FIFA would likely be an arbitrator in the battle between beIN and the new Saudi network, with the kingdom attempting to convince the world soccer body that Qatar could not be allowed to have a monopoly in regional soccer broadcasting rights.17 The underlying message was that FIFA and several of its regional associations would be dragged into the Gulf crisis by hook or by crook even if the issue of Qatar’s World Cup hosting rights was not directly addressed. The more soccer associations involved in the dispute, the more difficult it will be for them to maintain that sports and politics have nothing to do with one another.
FIFA was also likely to be pulled into the dispute by the UAE’s covert and overt efforts predating the crisis18 to convince the world body to deprive Qatar of its hosting rights. It is doubtful that the World Cup is at the core of the Gulf crisis, despite a declaration by Dubai’s top security official, Lt. General Khalfan, that the crisis would be resolved if Qatar surrendered its hosting rights.19Nonetheless, for Qatar’s detractors (and the UAE in particular), the World Cup is quite an important symbol to target, especially given its position as a vehicle for reputational capital.
That is evident from documents from an email account of Youssef al-Otaiba, the UAE Ambassador to the United States, who was either hacked or the victim of a leak by an insider.20 Al-Otaiba had devised a complex financial manoeuvre to undermine Qatar’s currency and deprive the Gulf state of its hosting rights. The effort to deprive Qatar of the World Cup stood in stark contrast to Qatar’s failure to adopt a similar tactic by targeting the 2020 World Expo in Dubai, for example.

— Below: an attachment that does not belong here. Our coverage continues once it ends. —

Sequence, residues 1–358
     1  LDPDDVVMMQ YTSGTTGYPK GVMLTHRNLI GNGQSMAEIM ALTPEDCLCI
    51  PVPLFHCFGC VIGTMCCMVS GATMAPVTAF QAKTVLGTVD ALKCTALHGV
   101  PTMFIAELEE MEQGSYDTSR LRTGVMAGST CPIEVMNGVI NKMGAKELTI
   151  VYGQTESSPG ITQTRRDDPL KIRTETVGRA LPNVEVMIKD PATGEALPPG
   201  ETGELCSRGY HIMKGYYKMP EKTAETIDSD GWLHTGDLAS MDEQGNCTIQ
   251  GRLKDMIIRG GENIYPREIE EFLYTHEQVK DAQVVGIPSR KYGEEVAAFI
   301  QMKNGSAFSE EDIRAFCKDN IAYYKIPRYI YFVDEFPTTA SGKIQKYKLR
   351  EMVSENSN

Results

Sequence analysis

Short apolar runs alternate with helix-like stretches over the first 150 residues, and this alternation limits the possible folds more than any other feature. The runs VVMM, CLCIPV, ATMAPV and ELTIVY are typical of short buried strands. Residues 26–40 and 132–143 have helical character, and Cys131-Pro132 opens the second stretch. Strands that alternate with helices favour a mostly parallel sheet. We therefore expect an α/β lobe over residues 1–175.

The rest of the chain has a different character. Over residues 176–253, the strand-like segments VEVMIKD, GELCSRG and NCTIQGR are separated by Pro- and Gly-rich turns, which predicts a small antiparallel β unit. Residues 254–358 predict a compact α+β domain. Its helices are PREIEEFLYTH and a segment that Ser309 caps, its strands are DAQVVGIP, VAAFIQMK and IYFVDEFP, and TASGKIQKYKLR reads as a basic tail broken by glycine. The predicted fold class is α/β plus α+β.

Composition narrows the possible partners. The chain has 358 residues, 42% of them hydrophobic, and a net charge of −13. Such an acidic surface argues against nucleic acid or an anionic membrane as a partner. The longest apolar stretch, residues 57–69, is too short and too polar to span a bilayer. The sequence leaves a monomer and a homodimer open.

Nothing is too outlandish, expensive, or ‘down and dirty’ in the Gulf competition to undermine one’s rival, buy influence, garner soft power, or try to win the hearts and minds of the populace. It is a battle that is fought primarily by the UAE and Qatar, the Gulf’s two megalomaniac states, and played out on European soccer pitches, in the board rooms of Western think tanks and universities, and in the media. Character assassination is fair game. Qatar and the UAE stunned European soccer as the window closed in the fall of 2017 for the buying and selling of players by driving prices through the roof and calling into question European soccer body UEFA’s Financial Fair Play rules.
Qatar-owned French club Paris Saint-Germain (PSG) spent $476 million on two players: FC Barcelona’s Neymar and Monaco’s Kylian Sanmi Mbappé,21 no mean feat for a country of 300,000 citizens locked in an existential battle with its Gulf detractors. The expenditure of $203 million by Abu Dhabi-owned Manchester City was similarly stratospheric but paled in comparison.22
The Qatari-UAE competition for jaw-dropping headlines was about far more than trophy acquisitions and performance on the soccer pitch. By driving the price of soccer players into the stratosphere, Qatar was showing a finger to its Gulf detractors, saying it could shake off their boycott like it would swat a fly. That was priceless in an environment in which the UAE-Saudi-led alliance has failed to garner widespread support for its boycott in both the Muslim world and the broader international community.